The Invitation….
Please leave me feedback on this blog or any questions as a comment below! 
To get started on a deeper dive into permanent weight loss, click on the calendar below to schedule a FREE mini-session with me.  What do you have to lose but some weight??  


The Why of Fat Shaming and How to Handle It

“Prejudice of any kind implies that you are identified with the thinking mind.  It means you don’t see the other human being anymore, but only your own concept of that human being.  To reduce the aliveness of another human being to a concept is already a form of violence.” 
Eckhart Tolle
The Reality…
Tonight, I had the privilege of attending an Evening with Eckhart Tolle in Miami.  The experience was very powerful to say the least.  In anticipation of the evening, I have been re-reading Tolle’s best-selling book “A New Earth – Awakening to Your Life’s Purpose.”  I really love his perspective on the ego and the way the ego strengthens itself through identification with external things, such as possessions or even the physical body itself.  Tolle suggests that in western culture, the physical appearance of the body contributes greatly to our sense of who we think we are, and our relative worth as compared to others.  Hence, our self-worth can be dependent upon our physical strength, external appearance and level of fitness.   As a result of our cultural conditioning, many overweight and obese people have a diminished sense of self-worth because they perceive their body as ugly or imperfect. 
The Challenge…
So, what does all this ego and cultural conditioning stuff have to do with fat shaming? 
Fat shaming is typically discussed in terms of normal weight people criticizing or harassing overweight people about their weight or eating behavior.  A completely unacceptable reality of our society, right? Remember the playboy model who took pictures of an overweight woman in the locker room at the gym, and posted it online for everyone to see along with some completely derogatory and insulting commentary? “If I can’t unsee this then you can’t either” were her cruel and inappropriate words.  That case involved an invasion of privacy and there were criminal implications, but wouldn’t it be interesting if everyone who fat-shamed other human beings were held accountable in some manner?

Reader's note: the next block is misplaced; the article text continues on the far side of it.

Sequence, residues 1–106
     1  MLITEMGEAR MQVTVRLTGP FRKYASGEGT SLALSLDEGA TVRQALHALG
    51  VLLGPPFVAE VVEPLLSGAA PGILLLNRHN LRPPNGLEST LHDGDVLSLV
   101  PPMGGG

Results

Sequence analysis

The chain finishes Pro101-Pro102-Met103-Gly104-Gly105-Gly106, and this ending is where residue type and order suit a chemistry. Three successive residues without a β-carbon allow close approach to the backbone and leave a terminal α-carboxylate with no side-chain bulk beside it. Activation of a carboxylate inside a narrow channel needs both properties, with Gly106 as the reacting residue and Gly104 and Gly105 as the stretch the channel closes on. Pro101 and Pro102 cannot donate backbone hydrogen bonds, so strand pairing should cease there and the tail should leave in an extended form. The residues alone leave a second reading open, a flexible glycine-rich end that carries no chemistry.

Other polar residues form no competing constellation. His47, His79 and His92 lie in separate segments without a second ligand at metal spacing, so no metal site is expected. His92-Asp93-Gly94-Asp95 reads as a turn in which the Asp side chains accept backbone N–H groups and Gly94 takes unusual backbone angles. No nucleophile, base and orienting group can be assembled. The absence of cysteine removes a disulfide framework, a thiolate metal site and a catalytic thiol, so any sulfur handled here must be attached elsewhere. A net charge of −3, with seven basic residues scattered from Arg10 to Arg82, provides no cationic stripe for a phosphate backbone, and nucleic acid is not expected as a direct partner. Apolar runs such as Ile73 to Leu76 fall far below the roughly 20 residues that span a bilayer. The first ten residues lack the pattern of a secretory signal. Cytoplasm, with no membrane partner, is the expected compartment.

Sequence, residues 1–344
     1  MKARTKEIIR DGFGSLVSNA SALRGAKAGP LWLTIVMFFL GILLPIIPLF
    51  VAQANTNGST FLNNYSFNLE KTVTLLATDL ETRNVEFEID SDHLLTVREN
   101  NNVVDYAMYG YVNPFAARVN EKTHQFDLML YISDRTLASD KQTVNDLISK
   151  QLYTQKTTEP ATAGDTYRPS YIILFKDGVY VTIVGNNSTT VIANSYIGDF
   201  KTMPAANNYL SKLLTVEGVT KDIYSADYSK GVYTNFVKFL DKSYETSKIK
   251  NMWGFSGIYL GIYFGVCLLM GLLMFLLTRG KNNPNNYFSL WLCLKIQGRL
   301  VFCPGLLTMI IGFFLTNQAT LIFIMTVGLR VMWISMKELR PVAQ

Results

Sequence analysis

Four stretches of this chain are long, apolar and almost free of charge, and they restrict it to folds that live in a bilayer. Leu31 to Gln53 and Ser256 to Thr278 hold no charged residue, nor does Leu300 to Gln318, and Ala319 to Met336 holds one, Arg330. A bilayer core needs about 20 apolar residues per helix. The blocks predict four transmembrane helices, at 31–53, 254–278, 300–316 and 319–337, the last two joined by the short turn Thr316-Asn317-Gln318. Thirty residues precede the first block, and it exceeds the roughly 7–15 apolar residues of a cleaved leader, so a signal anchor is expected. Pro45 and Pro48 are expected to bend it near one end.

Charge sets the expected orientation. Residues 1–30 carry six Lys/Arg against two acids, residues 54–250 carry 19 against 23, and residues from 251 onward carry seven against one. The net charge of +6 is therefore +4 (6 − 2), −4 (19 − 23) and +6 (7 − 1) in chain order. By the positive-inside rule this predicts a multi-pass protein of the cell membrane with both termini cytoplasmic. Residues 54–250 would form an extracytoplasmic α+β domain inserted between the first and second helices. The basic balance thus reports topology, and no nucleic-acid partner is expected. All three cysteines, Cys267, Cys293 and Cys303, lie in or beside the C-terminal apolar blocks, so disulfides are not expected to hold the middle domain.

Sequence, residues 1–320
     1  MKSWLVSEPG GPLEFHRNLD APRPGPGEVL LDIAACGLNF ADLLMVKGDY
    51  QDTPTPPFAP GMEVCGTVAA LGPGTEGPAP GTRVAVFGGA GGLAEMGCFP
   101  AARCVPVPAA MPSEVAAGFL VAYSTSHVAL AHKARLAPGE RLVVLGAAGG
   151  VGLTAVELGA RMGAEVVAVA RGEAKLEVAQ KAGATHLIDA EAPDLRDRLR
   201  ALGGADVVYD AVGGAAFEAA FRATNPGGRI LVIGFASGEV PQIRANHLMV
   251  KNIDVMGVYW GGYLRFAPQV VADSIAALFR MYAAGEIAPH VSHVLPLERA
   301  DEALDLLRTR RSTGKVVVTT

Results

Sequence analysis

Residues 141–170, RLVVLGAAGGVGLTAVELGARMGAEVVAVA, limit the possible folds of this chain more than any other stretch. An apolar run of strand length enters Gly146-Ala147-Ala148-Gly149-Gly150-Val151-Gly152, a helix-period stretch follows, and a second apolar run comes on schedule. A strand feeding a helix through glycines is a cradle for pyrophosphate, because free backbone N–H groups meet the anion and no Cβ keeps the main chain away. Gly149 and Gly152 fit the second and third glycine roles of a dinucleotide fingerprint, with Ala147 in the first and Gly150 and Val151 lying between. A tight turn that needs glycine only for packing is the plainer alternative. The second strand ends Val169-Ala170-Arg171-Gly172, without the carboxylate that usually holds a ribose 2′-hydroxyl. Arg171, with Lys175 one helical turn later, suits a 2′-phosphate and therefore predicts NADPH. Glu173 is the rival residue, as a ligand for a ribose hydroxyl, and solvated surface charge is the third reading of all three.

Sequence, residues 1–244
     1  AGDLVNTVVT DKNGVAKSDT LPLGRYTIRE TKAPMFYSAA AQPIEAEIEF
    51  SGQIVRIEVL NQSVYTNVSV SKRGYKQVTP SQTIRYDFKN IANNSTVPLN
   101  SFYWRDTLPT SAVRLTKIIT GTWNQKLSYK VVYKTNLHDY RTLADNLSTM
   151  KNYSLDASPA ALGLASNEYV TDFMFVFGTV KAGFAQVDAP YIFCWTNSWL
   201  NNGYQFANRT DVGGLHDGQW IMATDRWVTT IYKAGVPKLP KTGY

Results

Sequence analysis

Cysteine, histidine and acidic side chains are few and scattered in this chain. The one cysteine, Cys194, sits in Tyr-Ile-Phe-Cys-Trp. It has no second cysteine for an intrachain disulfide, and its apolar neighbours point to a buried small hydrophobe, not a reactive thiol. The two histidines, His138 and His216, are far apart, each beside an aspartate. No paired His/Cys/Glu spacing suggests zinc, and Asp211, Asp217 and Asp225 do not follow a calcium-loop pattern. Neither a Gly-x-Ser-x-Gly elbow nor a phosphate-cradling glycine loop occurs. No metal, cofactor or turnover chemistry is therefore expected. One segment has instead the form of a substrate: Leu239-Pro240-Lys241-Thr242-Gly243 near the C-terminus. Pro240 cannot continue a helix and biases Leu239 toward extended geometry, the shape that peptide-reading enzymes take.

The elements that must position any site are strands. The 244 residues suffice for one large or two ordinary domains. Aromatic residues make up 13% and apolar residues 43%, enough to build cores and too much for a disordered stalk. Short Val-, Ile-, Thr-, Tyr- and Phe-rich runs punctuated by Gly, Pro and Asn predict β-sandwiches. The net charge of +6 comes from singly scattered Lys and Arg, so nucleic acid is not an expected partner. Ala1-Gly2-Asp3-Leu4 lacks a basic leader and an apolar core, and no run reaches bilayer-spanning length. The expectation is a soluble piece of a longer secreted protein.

The playboy model is the perfect example of a deeply unconscious person who seeks to strengthen their own ego by belittling or making others “less than” through criticism or ridicule.   
In my experience, fat shaming is not only coming from the fit and slender people.  There is also a lot of “self-shaming” going on in our society because of our cultural conditioning.  If you’re carrying around a few extra pounds or more, have you personally felt a diminished sense of self-worth because of your weight, or felt “less than” someone better looking or in better physical shape?  Do you have negative thoughts and internal conversations with yourself because your body is less than perfect?  I used to do that to myself regularly, but the weight didn’t come off permanently until I disassociated my sense of self-worth from my level of attractiveness and physical fitness. 
The Solution…
For the overweight or obese person who has experienced the pain of fat shaming, I offer the following:
1.     If you experience fat shaming, try to intellectualize and internalize the inner workings of the person who has subjected you to fat shaming.  They are unconsciously seeking to strengthen their own ego by making comparisons and establishing superiority.  This has nothing to do with you, and everything to do with them.
2.     Realize that all structures are unstable, temporary and will eventually yield and fall away.  This includes your physical body and the near-perfect body of the person subjecting you to fat shaming.  Every living body is destined for the same fate.  And placing too much value on external physicality is the cause of great suffering for many when the inevitable deterioration occurs.
3.     According to Tolle, your greatest protection against a deeply unconscious person is to focus on your own consciousness.  Nonreaction to the ego in others is one of the most effective ways of going beyond your own ego, and also dissolving the collective human ego (and the collective human ego is most definitely a conversation for another day….).
4.     Finally, pay attention to your own internal conversations (thoughts) and make sure you are not engaging in your own form of fat shaming via self-shame.  If your goal is to become a healthier version of your current self, your thought patterns will need to change from self-shaming thoughts to thoughts of self-love and empowerment.
The Invitation….
To get started on a deeper dive into permanent weight loss, click on the calendar below to schedule a FREE mini-session with me.  What do you have to lose but some weight??